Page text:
Climber on the Great Tower before tackling Tower gap
© Henning Wackerhage, Jan 2007
The start was an easy snow gully up to Douglas gap, then a rocky scramble with iced up holds onto the easier ground above. We continued up mixed ground and several rock steps to Little Tower. Here the climbing got tricky and we pitched the climb for a while. If we had more snow it would have been much easier.
By this point the light was really making the surrounding views amazing and the cold conditions made it feel truly Alpine. After the ground eased I arrived at the Great Tower and looked around at the Eastern Traverse which had no steps and very little snow, my heart started beating a bit quicker than usual! The Eastern Traverse proved harder in my mind than physically, and we passed slowly. Not much gear and old rotten ice for axe placments. Once we passed this obstacle I felt relieved until I saw the next section - the chimney above looked desperate, with ice over the crutial holds but not enough to plant an axe. Half an hour of hard mixed climbing saw me arrive on the top of the Great Tower feeling excited and very pleased!
Tower Gap was fine compared to the difficulties that we had just done and shortly after we were moving together on good snow and standing on the summit plateau feeling very pleased and admiring the stunning 360 degree view of blue sky views. Ridge time took 6 hours.
A truly memorable day and a route that I had wanted to do for a long time done."
Dan Bailey (read his Aonach Eagach article here) who is just off to Africa for a 3PeaksAfrica challenge (details here) gives us the beta on Tower Ridge in this second article from his book Scotland's Mountain Ridges
Seasonal Notes: Tower Ridge in winter is one of Scotland's best-loved mountaineering routes, and no ordinary grade III. Because of its unusual length and the variable conditions-related difficulties that may be met, it needs to be taken seriously by even the most accomplished teams. Powder snow and verglas add considerably to the challenge, and benightments are common. A summer visit is just as recommendable – if less demanding – and helps build familiarity for a future winter attempt.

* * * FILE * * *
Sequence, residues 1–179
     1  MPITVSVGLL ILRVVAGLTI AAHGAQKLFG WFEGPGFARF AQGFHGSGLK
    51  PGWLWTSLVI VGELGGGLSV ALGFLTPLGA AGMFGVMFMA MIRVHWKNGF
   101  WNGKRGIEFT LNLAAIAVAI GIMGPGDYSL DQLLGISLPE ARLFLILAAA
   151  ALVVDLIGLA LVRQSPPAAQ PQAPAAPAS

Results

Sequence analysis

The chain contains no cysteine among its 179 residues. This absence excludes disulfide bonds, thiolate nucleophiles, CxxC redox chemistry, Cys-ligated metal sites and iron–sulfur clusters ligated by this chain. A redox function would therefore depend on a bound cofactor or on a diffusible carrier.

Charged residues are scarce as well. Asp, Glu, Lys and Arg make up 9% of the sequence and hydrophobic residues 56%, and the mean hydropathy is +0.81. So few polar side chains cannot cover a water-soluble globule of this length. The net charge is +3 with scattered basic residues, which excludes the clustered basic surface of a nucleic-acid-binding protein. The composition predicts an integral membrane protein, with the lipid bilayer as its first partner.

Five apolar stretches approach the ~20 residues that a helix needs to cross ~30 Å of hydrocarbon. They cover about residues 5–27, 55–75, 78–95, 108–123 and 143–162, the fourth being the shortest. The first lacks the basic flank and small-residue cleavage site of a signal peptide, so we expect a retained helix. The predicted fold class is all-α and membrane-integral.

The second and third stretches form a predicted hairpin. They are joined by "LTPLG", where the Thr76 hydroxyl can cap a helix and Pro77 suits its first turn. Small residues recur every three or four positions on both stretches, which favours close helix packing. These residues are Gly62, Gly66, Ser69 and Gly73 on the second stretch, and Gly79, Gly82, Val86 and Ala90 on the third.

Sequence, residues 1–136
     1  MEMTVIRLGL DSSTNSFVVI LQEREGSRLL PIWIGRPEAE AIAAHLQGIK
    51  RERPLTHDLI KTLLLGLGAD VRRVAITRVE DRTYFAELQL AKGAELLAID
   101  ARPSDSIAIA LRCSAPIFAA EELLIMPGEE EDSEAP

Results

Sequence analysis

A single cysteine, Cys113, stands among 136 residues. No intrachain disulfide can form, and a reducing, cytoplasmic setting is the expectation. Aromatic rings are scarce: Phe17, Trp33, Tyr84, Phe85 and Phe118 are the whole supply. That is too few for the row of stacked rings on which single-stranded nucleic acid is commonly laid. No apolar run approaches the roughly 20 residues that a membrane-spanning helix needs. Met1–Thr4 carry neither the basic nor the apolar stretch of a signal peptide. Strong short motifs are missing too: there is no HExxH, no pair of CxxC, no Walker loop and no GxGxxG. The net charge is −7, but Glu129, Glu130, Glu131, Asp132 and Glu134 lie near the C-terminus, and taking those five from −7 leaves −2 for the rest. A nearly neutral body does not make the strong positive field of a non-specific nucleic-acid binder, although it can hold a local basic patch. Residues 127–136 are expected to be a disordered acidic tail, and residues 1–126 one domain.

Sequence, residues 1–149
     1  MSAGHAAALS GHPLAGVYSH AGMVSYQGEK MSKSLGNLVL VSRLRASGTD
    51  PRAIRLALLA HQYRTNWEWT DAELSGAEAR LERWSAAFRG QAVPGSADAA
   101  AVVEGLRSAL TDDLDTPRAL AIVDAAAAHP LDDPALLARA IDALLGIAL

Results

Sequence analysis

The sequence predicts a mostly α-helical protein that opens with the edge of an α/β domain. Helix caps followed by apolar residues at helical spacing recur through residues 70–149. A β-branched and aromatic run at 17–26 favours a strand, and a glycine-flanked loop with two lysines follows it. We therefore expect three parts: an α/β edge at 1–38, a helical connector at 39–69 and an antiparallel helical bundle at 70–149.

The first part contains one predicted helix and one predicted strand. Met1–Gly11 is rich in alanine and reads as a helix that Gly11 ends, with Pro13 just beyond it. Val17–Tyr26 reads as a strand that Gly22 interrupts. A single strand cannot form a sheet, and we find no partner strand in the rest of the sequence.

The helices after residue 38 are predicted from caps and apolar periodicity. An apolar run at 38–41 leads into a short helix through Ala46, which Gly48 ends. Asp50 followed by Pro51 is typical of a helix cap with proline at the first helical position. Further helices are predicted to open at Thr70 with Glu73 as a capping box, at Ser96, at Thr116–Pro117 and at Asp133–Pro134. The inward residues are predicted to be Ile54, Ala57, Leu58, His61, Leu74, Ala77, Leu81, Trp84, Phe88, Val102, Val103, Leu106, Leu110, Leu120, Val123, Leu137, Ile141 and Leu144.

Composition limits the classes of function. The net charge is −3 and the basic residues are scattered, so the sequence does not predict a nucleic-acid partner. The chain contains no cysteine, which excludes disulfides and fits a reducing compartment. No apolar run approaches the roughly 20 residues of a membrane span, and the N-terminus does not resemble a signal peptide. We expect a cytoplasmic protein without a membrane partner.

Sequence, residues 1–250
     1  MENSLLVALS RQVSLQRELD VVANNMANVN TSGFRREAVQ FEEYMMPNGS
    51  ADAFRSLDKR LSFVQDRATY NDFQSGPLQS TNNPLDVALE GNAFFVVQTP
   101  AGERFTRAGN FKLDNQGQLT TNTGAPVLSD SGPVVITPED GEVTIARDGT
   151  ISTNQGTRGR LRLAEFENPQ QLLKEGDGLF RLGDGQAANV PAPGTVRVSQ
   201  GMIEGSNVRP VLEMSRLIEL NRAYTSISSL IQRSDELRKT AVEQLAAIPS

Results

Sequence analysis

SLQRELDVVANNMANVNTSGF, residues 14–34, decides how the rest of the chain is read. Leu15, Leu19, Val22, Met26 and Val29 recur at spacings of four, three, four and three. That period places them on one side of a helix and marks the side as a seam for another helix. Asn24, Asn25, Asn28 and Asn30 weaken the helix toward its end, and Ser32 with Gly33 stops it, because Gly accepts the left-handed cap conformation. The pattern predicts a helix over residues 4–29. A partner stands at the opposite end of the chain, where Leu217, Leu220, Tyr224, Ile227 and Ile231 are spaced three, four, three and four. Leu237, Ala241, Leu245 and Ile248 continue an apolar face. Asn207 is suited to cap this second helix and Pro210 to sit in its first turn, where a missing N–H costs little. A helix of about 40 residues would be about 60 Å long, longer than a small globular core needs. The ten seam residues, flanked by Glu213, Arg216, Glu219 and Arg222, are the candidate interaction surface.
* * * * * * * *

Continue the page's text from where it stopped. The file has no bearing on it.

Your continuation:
Tower Ridge has all the cachet and atmosphere of a truly classic climb. With an obvious line, superlative length and magnificent situations it ranks among the grandest routes in Scotland. Rising in a series of rocky steps from the massive conical buttress of the Douglas Boulder right up to the Ben's summit plateau, its profile is compelling. The summer climbing is largely easier than you might expect, making Tower Ridge a good choice for aspiring mountaineers. Confident groups will remain unroped for much of the time. Others will opt to move together, save for the few short cruxes. The trickiest sections are also the most spectacular, and here fixed belays tend to be deemed sensible. Snowy or no, this brilliant route should grace everyone's ticklist.
Camp beneath the Douglas Boulder, with the Great Tower prominent high above.
© Dan Bailey, Feb 2007
There are two customary approaches to the north side of Ben Nevis, both much of a muchness. One takes the Tourist Track from Glen Nevis, escaping just below the mind-numbing zigzags and contouring around the NW shoulder of Carn Dearg to join the Allt a'Mhuilinn by the CIC Hut. The alternative tends to be more popular with climbers: from the North Face car park near Torlundy head SE through trees, soon turning right. One kilometre later a left turn takes steep muddy slopes into the upper valley of the Allt a'Mhuilinn, and thence over sticky bogs to the CIC Hut. This path has recently been given a partial upgrade, firming up some of the worst boggy bits. Behind the hut, on the left side of Coire na Ciste, rears the striking mass of the Douglas Boulder, marking the foot of Tower Ridge.
Most parties seem content to bypass the Douglas Boulder, but its ascent at around VDiff is a suitable prelude. Though the ground is of the go-anywhere variety, it's worth following one of the established climbs. Try Direct Route, 215m VDiff: a prominent groove cleaves the NE face. Start at the lowest toe of the buttress, below and to the left of a clean-looking slab. Climb easily into a vague scoop to reach the deeper chimney groove above. Two pitches up this gain a pronounced shelf. Traverse briefly right, then climb steeply to the summit. To reach the Douglas Gap at the start of the route proper, downclimb on the right (facing down) or abseil.